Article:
Objectives: (i) To analyse how well Pharmaceutical Benefits Scheme (PBS) criteria for prescribing lipid-lowering therapy identify people most at risk of coronary heart disease (CHD); and (ii) to determine the cost-effectiveness of primary prevention therapy with pravastatin according to these criteria in Australia.
Design: (i) Analysis of targeting of CHD risk according to PBS criteria; (ii) cost-effectiveness analysis for pravastatin as primary preventive therapy (40 mg/day), with a 20-year projection from 1999.
Participants: (i) Men and women aged 25-69 years from the 1989 National Heart Foundation Risk Factor Prevalence Survey; (ii) Australian men and women, aged 25-85 years, excluding those with diabetes and existing CHD.
Main outcome measures: (i) Proportion eligible for lipid lowering treatment according to PBS criteria within 15-year risk of CHD mortality groups; (ii) average net cost in Australian dollars ($) per year of life saved (YOLS), with 80% uncertainty ranges (UR).
Results: (i) PBS criteria do not adequately identify those most at risk of CHD, as only 61% of Australians (aged 25-69 years) with a greater than 10% 15-year risk of CHD mortality were eligible for treatment; and 11% of those at low risk of CHD mortality (< 2.5% over 15 years) were eligible for treatment. (ii) Cost-effectiveness of treatment according to PBS criteria was estimated at $110,000 (80% UR, $96,000-$150,000) per YOLS for men and $87,000 (80% UR, $80,000-$130,000) per YOLS for women. As an indicator of the likely recurrent annual costs, total first-year treatment costs (excluding the costs of non-compliers) were estimated at $940 million. Assuming compliance of 50%, cost-effectiveness of treatment was markedly improved using 32.5% 15-year risk of CHD mortality as a cut-off, with ratios of $31,000 (80% UR, $27,000-$40,000) per YOLS for men and $39,000 (80% UR, $33,000-$53,000) per YOLS for women. First-year treatment costs of $940 million were the same as treating according to PBS criteria, but absolute health impact in terms of deaths averted and years of life saved was more than doubled.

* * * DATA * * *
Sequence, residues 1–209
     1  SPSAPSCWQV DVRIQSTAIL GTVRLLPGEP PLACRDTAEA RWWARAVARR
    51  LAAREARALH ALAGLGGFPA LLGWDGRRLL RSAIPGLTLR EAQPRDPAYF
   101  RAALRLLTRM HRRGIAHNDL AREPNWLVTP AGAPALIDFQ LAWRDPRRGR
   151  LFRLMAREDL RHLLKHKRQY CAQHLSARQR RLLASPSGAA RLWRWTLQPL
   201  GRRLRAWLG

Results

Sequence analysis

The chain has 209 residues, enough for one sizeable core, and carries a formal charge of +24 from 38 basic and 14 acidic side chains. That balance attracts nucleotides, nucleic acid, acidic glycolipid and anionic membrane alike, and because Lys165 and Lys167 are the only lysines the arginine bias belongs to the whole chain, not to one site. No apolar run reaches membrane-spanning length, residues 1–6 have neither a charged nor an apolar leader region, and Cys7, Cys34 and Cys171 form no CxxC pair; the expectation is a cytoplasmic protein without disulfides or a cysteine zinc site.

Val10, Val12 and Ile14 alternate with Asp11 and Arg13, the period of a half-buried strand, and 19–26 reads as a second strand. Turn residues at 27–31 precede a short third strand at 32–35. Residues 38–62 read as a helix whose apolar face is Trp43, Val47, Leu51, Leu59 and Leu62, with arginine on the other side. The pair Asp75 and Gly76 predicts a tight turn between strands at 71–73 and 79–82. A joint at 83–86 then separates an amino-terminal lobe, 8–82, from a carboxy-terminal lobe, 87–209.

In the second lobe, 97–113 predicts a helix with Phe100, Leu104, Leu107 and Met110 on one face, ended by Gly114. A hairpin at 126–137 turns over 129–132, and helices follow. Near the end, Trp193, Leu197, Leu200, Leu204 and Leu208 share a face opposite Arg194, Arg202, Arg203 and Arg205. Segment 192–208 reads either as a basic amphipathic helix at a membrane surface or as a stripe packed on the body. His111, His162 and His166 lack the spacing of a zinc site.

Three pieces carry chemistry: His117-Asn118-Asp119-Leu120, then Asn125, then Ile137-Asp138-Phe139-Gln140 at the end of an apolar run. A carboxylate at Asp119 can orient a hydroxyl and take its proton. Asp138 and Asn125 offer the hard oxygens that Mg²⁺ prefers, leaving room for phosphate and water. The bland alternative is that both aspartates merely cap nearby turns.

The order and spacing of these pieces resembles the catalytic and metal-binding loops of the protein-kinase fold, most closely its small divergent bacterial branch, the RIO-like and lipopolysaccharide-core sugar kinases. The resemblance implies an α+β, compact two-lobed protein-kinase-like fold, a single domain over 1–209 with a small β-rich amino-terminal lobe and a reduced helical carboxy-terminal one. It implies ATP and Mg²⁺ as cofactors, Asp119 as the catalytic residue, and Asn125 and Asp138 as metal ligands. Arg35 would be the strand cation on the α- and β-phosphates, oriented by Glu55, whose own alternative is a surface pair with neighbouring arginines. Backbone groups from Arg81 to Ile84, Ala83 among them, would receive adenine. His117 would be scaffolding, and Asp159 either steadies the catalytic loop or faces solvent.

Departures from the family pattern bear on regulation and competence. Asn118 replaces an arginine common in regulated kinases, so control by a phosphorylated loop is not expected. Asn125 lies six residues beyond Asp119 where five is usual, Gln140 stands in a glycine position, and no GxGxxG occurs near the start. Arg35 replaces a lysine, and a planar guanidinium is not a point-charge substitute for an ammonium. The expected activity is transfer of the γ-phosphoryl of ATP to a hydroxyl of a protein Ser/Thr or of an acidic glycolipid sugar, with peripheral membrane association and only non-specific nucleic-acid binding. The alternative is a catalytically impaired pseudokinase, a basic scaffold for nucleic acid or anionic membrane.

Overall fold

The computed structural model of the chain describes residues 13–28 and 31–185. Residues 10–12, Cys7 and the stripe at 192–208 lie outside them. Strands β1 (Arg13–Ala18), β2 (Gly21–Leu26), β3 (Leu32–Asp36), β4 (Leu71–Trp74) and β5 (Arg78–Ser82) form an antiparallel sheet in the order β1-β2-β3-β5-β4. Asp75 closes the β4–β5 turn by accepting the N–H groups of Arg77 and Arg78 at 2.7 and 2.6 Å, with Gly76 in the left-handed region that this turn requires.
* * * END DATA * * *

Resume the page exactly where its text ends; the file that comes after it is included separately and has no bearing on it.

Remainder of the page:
Conclusions: While PBS criteria do target patients at risk of CHD, there is room for improvement in identifying those most at risk of CHD, and treatment according to PBS criteria is not likely to be the most cost-effective. For optimal cost-effectiveness, targeting of therapy for primary CHD prevention needs to be based on population-specific, multivariable risk.